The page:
We are seeking participants for the GMOD Tools for Evolutionary Biology
Hackathon, held November 8-12, 2010 at the US National Evolutionary
Synthesis Center (NESCent) in Durham, NC.
This hackathon targets three critical gaps in the capabilities of the GMOD
toolbox that currently limit its utility for evolutionary research:
1. Visualization of comparative genomics data
2. Visualization of phylogenetic data and trees
3. Support for population diversity and phenotype data
If you are interested in these areas and have relevant expertise, you are
strongly encouraged to apply. Relevant areas of expertise include more tha=
just software development: if you are a GMOD power user, visualization guru=
domain expert (comparative, phylogenetics, population, ...), or
documentation wizard, then your skills are needed!
How To Apply:
Fill out the online application form at http://bit.ly/gmodevohack.
Applications are due August 25.
GMOD is an intercompatible suite of open-source software components for
storing, managing, analyzing, and visualizing genome-scale data. GMOD
includes many widely-used software components: GBrowse and JBrowse, both
genome viewers; GBrowse_syn, a comparative genomics viewer; Chado, a generi=
and modular database schema; CMap, a comparative map viewer; as well as man=
other components including Apollo, MAKER, BioMart, InterMine, and Galaxy.
We hope to extend the functionality of existing GMOD components, and
integrate new components as well.
A hackathon is an intense event at which a group of programmers with
different backgrounds and skills collaborate hands-on and face-to-face to
develop working code that is of utility to the community as a whole. The mi=
of people will include domain experts and computer-savvy end-users.
More details about the event, its motivation, organization, procedures, and
attendees, as well as URLs to the hackathon and related websites are
The GMOD EvoHack Organizing Committee (and project affiliations as
Nicole Washington, Chair (LBNL, modENCODE, Phenote)
Robert Buels (SGN, Chado NatDiv)
Scott Cain (OICR, GMOD)
Dave Clements (NESCent, GMOD)
Hilmar Lapp (NESCent, Phenoscape, Chado NatDiv)
Sheldon McKay (University of Arizona, iPlant, GBrowse_syn)
About the GMOD Evo Hackathon Overview We are organizing a hackathon to fil=
critical gaps in the capabilities of the Generic Model Organism Database
(GMOD) toolbox that currently limit its utility for evolutionary research.
Specifically, we will focus on tools for 1) viewing comparative genomics
data; 2) visualizing phylogenomic data; and 3) supporting population
diversity data and phenotype annotation.The event will be hosted at NESCent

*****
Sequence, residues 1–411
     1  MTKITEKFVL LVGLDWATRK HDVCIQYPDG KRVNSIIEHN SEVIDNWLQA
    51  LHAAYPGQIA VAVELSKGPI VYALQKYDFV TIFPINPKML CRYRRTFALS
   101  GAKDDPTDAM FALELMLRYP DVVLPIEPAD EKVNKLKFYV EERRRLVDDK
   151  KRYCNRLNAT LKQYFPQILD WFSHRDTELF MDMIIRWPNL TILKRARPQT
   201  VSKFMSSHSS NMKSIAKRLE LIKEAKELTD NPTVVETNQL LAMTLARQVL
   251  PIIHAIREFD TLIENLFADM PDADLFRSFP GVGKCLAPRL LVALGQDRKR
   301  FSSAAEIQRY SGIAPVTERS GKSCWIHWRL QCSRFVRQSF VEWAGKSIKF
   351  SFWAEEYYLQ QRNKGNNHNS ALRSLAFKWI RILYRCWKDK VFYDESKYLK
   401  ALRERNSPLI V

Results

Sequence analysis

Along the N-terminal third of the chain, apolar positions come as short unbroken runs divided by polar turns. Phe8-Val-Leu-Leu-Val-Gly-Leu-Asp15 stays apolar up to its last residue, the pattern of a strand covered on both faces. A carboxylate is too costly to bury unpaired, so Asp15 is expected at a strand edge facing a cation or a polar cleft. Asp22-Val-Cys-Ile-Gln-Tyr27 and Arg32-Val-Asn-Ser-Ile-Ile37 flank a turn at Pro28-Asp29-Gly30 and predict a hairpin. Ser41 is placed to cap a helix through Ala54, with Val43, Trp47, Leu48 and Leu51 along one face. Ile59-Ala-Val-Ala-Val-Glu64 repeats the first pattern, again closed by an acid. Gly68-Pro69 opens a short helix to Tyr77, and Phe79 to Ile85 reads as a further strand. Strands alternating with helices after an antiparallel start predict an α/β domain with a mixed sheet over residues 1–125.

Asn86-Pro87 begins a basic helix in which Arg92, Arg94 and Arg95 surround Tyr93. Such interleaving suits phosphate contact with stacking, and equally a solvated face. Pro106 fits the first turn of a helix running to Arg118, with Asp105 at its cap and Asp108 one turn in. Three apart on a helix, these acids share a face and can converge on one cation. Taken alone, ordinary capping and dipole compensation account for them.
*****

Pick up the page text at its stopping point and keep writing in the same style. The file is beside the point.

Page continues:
and bring together a group of about 20+ software developers, end-user
representatives, and documentation experts who would otherwise not meet. Th=
participants will include key developers of GMOD components that currently
lack features critical for emerging evolutionary biology research,
developers of informatics tools in evolutionary research that lack GMOD
integration, and informatics-savvy biologists who can represent end-user
The event will provide a unique opportunity to infuse the GMOD developer
community with a heightened awareness of unmet needs in evolutionary biolog=
that GMOD components have the potential to fill, and for tool developers in
evolutionary biology to better understand how best to extend or integrate
with already existing GMOD components.
Before the Event Discussion of ideas and sometimes even design actually
starts well before the hackathon, on mailing lists, wiki pages, and
conference calls set up among accepted attendees. This advance work lays
the foundation for participants to be productive from the very first day.
This also means that participants should be willing to contribute some tim=
in advance of the hackathon itself to participate in this preparatory
discussion.During the Event Typically, hackathon participants use the
morning of the first day of the event to organize themselves into working
groups of between 3 and 6 people, each with a focused implementation
objective. Ideas and objectives are discussed, and attendees coalesce
around the projects in which they have the most experience or
/ Event Results The meeting=92s attendance, working groups, and outcomes wi=
be fully logged and documented on the GMOD wiki (http://gmod.org). Each
working group during the event will typically have its own wiki page, linke=
from the main EvoHack page, where it documents its minutes and design notes=
and provides links to the code and documentation it produces. Also, since
GMOD and NESCent are both committed to open source principles, all code and
documentation produced by participants during the hackathon must be
published under an OSI-approved open source license. As contributions to
existing GMOD tools, all hackathon products will most likely satisfy this
requirement automatically.NESCent This event is sponsored by the US Nationa=
Evolutionary Synthesis Center (NESCent, http://www.nescent.org) through its
Informatics Whitepapers program (
http://www.nescent.org/informatics/whitepapers.php). NESCent promotes the
synthesis of information, concepts and knowledge to address significant,
emerging, or novel questions in evolutionary science and its applications.
NESCent achieves this by supporting research and education across
disciplinary, institutional, geographic, and demographic boundaries (see
Links Main GMOD EvoHack page, and full proposal:
http://gmod.org/wiki/GMOD_Evo_Hackathon NESCent: http://www.nescent.org/
Similar past NESCent events, see: http://hackathon.nescent.org/
GMOD hackathon application: http://bit.ly/gmodevohack